lambda abstraction a la Arrows

RE01 Rice Brian T. EM2
Mon, 4 Jan 1999 23:06:23 +0300

here's a description of what lambda abstraction means in the arrow system.
we'll start with the classical way of stating a lambda abstraction and
attempt to abstract all the issues which depend on text and separate them
from the concept of the lambda operator.

first, the lambda operator returns an expression given a symbol and an
expression, in the interpretation that i'll use here.  this allows the
concept of function and functor to merge seamlessly into repeated
applications of lambdas, yielding functions with multiple arguments.  the
syntax tree for such an action is a binary one.
the symbol creation aspect of the lambda operator is something that i'll
consider noise with respect to the problem of identifying the meaning of the
expression formed, basically because introducing a symbol with a lambda when
the symbol is already previously used in the system (i mean that the same
text token has already been pushed onto a reader's symbol table) creates a
different operator, despite the textual conflict.  so, the central issue
must be that a symbol is postulated which is invoked within the second part
of the lambda expression in a definite group of places.
i propose that within the Arrow system, the lack of textual symbols would
simply allow us to postulate a new node and then attach it to the invocation
points directly.  of course, this new node is accessible from outside of the
lambda's arguments as 'the input for such-and-such lambda expression'.  so,
the new abstract lambda operator must have internal ordered structure - a
binary one, one ideally suited to the Arrow system.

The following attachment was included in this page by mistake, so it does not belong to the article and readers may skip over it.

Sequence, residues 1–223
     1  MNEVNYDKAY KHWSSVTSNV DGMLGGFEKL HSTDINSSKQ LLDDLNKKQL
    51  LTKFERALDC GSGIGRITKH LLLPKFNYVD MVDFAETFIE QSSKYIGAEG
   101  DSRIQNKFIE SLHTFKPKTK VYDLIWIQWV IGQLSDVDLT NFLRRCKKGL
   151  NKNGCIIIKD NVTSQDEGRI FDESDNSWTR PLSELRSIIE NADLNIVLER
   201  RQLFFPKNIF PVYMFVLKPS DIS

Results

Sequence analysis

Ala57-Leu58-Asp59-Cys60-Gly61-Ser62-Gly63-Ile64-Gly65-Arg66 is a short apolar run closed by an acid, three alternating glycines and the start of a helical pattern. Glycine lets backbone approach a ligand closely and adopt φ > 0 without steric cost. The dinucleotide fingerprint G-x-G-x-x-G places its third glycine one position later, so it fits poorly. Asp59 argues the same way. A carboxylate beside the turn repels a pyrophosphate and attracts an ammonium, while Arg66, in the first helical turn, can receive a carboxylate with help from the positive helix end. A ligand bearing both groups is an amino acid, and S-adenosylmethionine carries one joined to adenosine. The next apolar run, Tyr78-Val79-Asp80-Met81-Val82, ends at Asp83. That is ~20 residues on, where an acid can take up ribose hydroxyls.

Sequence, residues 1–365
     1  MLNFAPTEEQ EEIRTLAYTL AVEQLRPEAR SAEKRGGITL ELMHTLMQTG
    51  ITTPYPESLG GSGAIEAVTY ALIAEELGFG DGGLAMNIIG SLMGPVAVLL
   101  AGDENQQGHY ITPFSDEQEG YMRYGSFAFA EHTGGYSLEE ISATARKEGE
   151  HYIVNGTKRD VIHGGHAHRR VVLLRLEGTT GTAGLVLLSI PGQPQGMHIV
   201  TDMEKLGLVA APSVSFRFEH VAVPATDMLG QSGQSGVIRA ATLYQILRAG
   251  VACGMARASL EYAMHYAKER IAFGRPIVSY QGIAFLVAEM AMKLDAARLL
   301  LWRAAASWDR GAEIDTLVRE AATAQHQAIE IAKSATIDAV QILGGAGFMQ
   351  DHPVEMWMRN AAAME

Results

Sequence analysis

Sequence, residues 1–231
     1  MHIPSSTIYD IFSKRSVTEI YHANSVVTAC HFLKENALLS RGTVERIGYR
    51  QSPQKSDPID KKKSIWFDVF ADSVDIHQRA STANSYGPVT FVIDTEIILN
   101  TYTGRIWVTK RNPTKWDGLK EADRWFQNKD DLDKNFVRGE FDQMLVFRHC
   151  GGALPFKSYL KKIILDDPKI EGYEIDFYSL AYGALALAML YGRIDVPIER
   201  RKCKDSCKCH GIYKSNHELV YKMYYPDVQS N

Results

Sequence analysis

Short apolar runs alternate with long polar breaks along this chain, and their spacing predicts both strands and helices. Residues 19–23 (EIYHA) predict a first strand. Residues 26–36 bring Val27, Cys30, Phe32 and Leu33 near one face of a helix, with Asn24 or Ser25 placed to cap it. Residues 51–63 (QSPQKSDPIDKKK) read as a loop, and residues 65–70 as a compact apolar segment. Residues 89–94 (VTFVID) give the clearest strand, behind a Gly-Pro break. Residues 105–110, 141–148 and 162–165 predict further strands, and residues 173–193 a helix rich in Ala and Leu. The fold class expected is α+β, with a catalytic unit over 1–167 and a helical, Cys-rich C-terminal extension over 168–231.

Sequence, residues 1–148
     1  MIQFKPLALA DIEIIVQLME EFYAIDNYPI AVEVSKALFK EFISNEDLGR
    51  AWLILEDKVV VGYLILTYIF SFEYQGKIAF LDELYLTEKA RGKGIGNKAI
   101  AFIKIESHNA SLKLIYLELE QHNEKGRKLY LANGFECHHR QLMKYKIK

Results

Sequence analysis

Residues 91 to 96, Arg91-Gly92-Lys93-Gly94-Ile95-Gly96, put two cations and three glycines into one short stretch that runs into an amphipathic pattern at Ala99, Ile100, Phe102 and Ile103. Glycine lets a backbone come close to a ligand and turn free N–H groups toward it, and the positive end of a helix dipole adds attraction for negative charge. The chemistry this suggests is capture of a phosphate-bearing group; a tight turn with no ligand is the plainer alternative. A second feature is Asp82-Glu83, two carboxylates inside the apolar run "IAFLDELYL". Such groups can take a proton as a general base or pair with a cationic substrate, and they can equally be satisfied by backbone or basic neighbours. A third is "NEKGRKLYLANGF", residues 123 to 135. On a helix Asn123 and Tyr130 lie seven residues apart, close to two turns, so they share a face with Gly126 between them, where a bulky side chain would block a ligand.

this view of the lambda operator suggests a simple solution: a lambda would
first involve an arrow from a node to a syntax tree for the expression,
using the representation i discussed for the inference system - a binary
tree of arrows and nodes, with a mapping of the nodes to the symbols used.
it would of course also involve a mapping from the postulated node to the
invocation points within the lambda expression.
the prospect of currying on this form would be a node postulation with an
arrow directed from that node to the next lambda operation.
the lambda symbol itself would be mapped to its invocation points as well,
and a syntax tree could be abstracted easily from this form.  in fact, this
easily integrates into a unified syntax tree with the lambda operator a
binary one.
this still doesn't answer the question of how a new node is to be
postulated, and i don't believe that it matters from this standpoint.

another thing comes to mind:

this talk of the interchangeability of an operator like the lambda
representation i have proposed with an integrated syntax graph recalls the
notion of the abstration operator which took an arrow and mapped it to a
node with two arrows, one from and one to the node which denoted the head
and tail pointers, respectively.  using the inverse of this operator
(conceptually), all syntax trees could be simplified into a
multi-dimensional arrow (a Lisp-style linked list) where each arrow
represented a binary operator, with currying implemented as necessary to
construct operators of higher argument number.  the way that the arrows
would represent operators would be via a mapping from the symbol definitions
to the invocation points.

something which should enlighten things for you a great deal as to how the
system deals with such a complicated system and separate the list structure
from its contents as well as the various mappings is to distinguish any
conceptual group of arrows explicitly for the computer using the
multi-dimensional arrow concept, and to link that arrow to the specification
of the concept.